MICHAEL DOUGLAS JONES
Michael, who made his New York City Opera debut in Madama Butterfly, has sung Sarastro in Die Zauberflöte in Victoria, BC; Anchorage, and Sarasota; Sparafucile in Rigoletto for El Paso Opera and Anchorage; the Doktor in Wozzeck,at the Banff Centre and with Le Nouvel Ensemble Moderne in Montreal; Rocco in Fidelio with the operas of Sarasota and Anchorage, the Florida Philharmonic (semi-staged), and the San Antonio Symphony; Colline in La Bohème for the operas of Florentine, El Paso, and Memphis; Timur in Turandot,, the Commendatore in Don Giovanni, and Noye in Noye’s Fludde. Concert appearances have included Stravinsky’s L’histoire du Soldat, Kagel’s Fürst Igor, Stravinsky and Schoenberg’s Ode to Napoleon.
Michael made his international debut in Sweden, singing the lead role of Director in Kafka‘s Chimp by Welsh composer, John Metcalf. The production was sung in Swedish, preceded by the world premiere at Banff Music Centre for the Arts and sung in English. He reprised this role in a unique remounting of the opera by Quantum Theatre in Pittsburgh in February 2004 with the Pittsburgh Zoo as the venue. Chosen by Metcalf for continued collaboration, Michael starred in the 2005 premiere of The Love of a Chair as man’s best friend, a dog, in Montreal with performances continuing in Wales and England and produced under an agreement between the governments of Quebec and the United Kingdom. Michael developed his role of the Dog over a 3 year period in collaboration with the composer, librettist and stage director through improvisations in creative workshops.
Michael maintains a very active performing career as well as a teaching career. In 2005, Michael added Executive/Artistic Director to his titles when he formed a non-profit company, Companion Star, to produce new music-theater works for the stage. Based on the idea of collaboration between artists and composers to create original works that challenge the boundaries of traditional opera and music-theater, the philosophy behind the company comes from his years of collaboration with composers on new works and in particular his work at the Banff Centre. The company’s first season includes two works in progress: Moo, Squeal & Scratch: in the garden of shadows, a piece based on the ancient poetry of Persia and For the Living and the Dead, a Swedish project involving 25 artists from around the world in a bilingual piece based on the poetry of Tomas Tranströmer.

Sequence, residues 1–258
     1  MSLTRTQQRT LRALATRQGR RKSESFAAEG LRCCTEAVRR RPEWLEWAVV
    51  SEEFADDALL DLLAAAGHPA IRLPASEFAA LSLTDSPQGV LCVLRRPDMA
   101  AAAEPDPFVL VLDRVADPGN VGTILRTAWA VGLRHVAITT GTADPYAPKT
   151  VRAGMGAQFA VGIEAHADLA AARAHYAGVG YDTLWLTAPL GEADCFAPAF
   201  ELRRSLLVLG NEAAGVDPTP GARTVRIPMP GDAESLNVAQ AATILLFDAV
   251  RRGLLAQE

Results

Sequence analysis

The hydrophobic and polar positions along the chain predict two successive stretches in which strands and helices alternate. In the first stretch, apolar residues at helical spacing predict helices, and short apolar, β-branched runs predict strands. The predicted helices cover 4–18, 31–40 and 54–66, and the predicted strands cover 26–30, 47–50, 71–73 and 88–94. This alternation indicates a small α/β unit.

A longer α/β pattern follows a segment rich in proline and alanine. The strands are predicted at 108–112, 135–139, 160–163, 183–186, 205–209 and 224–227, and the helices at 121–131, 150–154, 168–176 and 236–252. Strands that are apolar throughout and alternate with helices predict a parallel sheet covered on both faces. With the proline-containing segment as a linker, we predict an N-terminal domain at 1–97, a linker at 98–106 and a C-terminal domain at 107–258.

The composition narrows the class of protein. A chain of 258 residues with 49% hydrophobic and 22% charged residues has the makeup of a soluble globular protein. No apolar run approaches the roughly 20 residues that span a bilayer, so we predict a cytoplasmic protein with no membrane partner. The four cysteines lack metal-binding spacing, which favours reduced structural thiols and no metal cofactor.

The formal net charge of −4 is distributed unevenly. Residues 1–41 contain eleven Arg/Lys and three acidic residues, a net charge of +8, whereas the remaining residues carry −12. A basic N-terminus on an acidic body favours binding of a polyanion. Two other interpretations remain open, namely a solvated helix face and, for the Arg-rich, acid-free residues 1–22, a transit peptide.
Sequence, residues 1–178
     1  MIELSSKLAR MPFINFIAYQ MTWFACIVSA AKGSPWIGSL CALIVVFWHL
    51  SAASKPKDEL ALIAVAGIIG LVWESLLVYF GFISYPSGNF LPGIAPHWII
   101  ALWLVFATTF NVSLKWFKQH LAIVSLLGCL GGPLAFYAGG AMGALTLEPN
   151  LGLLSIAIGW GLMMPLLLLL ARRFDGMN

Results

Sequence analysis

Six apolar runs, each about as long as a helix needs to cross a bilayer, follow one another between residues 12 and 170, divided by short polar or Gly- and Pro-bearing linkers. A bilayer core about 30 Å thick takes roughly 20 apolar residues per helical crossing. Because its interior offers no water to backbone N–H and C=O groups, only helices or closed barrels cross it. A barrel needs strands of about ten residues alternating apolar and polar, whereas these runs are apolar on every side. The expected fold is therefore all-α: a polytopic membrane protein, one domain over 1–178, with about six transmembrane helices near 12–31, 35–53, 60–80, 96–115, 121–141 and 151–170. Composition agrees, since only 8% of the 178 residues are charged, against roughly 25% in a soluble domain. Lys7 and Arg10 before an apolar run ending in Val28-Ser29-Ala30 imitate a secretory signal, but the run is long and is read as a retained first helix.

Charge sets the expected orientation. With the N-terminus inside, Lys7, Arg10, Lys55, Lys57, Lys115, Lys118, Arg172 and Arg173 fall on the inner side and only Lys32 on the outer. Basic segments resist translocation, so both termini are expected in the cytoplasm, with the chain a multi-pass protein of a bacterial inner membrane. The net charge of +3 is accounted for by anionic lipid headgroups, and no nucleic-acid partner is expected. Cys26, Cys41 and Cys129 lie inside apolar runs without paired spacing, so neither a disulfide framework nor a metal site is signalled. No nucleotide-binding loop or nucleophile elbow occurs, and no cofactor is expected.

On the faculty of New York University in the Music and Music Professions Department, he taught voice, and was Music Director and Vocal Coach for an innovative new “rap” opera, Odin, in Spring 2006. The work, which was performed in the Fred Lowe Theatre, was praised in the New York Times as “an amazing example of what is possible in the world of new opera.” Michael has been a coach in the Banff Centre’s “Voice through body and movement” workshop with international artist, Richard Armstrong, and served as a voice instructor and guest lecturer at the Banff Centre for their young artist training program entitled “Opera as Theatre”. He is also on the faculty for the Adult Chamber Workshop program at SUNY, Stony Brook.
As a performer, Michael won the prestigious Jessie award for “outstanding performance by an actor in a leading role” for his creation of the Marquis in 120 Songs for the Marquis de Sade (Hannan) in the world premiere co-produced by Modern Baroque Opera and Vancouver New Music. Highly regarded for his appearances in works of the 20th and 21st centuries, his engagements in other world premieres include Westergaard’s The Tempest as Caliban, for Opera Festival of New Jersey, and Star Catalogues (Underhill) in the leading role of Tycho Brahe for Vancouver New Music. Other performances include Der Kaiser von Atlantis (Ullman) for the Goethe Institute, and a workshop of The Found Manuscript of the Saragosse by Jose Evangelista for Chants Libres of Canada. Long a favorite at the Banff Centre, his appearances there include the Rogue in an adaptation of Dostoevsky’s The Idiot and Arthur in Peter Maxwell Davies The Lighthouse with the latter reprised with the Opera Festival of New Jersey.
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